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VISITORS to the city over the Mill Race Marathon weekend had a lot to see and experience.
There was certainly the marathon itself and its attendant events.
There was the revitalized downtown, particularly the vibrant Fourth Street area. There were the city’s architectural attractions.
Scattered among all these community treasures, however, are a series of underappreciated benefits that local residents can appreciate every day — the public art of Columbus.
In a number of places within city limits, some of the world’s most recognized artists are represented in a variety of forms.
Jean Tinguely’s intricate “Chaos I” still draws stares from residents and visitors alike in The Commons.
Henry Moore’s “Large Arch” frames the iconic First Christian Church from the library plaza.
Dale Chihuly’s colorful glasswork lights up the Columbus Area Visitors Center and stretches the necks of visitors to the Columbus Learning Center.
Dessa Kirk’s “Eos” is a symbol of welcome to the city’s avenue of architecture — Fifth Street.
And Robert Indiana’s painting hanging in City Hall is a reminder of his Hoosier heritage, part of which includes the years he lived in Columbus as a child.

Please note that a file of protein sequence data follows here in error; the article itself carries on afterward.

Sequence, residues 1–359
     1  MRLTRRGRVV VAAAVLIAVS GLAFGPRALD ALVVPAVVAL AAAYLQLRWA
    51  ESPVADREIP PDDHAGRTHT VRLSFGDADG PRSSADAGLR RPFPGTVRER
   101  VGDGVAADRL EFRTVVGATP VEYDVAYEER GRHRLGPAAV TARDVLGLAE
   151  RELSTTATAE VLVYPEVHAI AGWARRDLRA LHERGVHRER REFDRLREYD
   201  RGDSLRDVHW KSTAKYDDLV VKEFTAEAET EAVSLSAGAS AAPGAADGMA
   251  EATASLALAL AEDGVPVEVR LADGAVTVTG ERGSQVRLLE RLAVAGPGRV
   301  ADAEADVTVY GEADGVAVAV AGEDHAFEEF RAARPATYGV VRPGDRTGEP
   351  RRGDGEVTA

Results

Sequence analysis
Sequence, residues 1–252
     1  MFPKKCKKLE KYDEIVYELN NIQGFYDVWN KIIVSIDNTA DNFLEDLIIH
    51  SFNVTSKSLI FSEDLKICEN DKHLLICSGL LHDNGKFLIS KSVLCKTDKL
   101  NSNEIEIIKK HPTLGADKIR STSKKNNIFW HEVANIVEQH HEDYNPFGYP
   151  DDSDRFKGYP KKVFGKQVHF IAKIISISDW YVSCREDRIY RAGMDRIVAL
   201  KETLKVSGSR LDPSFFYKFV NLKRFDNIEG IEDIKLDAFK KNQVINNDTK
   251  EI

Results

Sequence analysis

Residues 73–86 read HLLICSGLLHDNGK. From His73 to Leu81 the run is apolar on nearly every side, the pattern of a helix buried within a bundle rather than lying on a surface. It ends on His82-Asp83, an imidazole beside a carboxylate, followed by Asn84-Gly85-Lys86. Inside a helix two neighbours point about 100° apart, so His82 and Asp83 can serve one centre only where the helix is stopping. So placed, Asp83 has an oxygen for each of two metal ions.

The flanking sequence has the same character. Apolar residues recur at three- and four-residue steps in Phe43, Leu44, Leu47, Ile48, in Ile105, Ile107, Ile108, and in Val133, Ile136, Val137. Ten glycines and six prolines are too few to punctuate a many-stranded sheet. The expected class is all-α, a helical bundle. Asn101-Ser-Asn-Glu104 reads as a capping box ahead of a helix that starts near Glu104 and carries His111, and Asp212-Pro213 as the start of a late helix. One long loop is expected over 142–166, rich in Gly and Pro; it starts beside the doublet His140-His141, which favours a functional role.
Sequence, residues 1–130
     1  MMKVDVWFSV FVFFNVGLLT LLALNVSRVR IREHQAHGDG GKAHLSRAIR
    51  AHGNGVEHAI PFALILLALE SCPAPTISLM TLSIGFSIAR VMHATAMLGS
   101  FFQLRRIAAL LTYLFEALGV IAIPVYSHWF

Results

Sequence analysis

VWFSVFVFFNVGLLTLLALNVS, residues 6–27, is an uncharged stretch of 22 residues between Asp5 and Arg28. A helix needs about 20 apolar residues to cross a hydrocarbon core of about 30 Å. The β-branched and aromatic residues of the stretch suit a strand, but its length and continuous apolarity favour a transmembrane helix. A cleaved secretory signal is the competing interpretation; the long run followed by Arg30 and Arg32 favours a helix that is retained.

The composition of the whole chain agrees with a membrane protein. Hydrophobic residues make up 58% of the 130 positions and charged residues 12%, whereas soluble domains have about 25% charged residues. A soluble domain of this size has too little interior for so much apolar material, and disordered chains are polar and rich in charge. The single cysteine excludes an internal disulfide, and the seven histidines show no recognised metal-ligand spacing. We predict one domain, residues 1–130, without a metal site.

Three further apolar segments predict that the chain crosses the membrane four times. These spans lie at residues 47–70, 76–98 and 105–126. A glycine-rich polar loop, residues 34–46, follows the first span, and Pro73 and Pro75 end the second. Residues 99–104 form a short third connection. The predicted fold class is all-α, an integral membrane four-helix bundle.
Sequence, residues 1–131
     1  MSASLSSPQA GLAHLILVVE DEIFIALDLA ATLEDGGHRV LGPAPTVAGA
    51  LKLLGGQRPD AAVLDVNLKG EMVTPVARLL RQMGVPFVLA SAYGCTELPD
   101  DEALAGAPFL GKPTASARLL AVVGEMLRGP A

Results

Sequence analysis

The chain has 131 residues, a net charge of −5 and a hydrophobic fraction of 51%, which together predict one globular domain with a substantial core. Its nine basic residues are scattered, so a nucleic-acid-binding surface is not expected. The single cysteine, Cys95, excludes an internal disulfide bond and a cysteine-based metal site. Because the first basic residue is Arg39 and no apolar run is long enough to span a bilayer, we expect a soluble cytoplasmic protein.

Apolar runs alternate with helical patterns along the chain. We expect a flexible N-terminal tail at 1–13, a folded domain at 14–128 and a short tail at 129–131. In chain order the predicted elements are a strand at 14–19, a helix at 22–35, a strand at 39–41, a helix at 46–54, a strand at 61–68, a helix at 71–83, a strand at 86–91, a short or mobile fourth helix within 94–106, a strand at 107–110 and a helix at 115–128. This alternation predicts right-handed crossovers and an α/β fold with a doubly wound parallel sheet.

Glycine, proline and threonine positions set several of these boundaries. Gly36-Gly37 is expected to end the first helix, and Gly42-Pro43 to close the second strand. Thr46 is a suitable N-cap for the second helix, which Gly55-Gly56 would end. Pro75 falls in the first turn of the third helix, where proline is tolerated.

But those noted works are only a fraction of the outstanding public art that can be shared by visitor and resident alike.
The city’s collection gained an addition earlier this month when Columbus artist Andy J. Miller and a team of eager young “artisans” unveiled a huge and colorful mural on what had been a blank wall in kidscommons, the children’s museum of Columbus.
The whimsical creation is noteworthy in several respects. One is the collaborative approach taken by the lead artist in working with local children in developing the finished product.
Miller, a 2005 graduate of Columbus North High School, can be credited not only with the finished product but the equally important possibility that he might have inspired some of his young charges to exercise their own creative talents.
That he is a Columbus native is also important, especially when considering that numerous other examples of the city’s public art were created by local artists.
These works have not only been given prominent display in such venues as the large meeting room at City Hall, Mill Race Park and the Columbus Learning Center, but they have come to be in great part because of the patronage of local artists by local individuals and groups.
That patronage has run the gamut of supporters — from the grassroots organization known as the River Rats, which commissioned the paintings of five local characters by local artists that are displayed in the large meeting room of City Hall, to the collaboration of kidscommons, the Columbus Area Arts Council and the Columbus Museum of Art and Design in support of Miller’s mural project in kidscommons.
The community can take both pride and pleasure in these homegrown community treasures.
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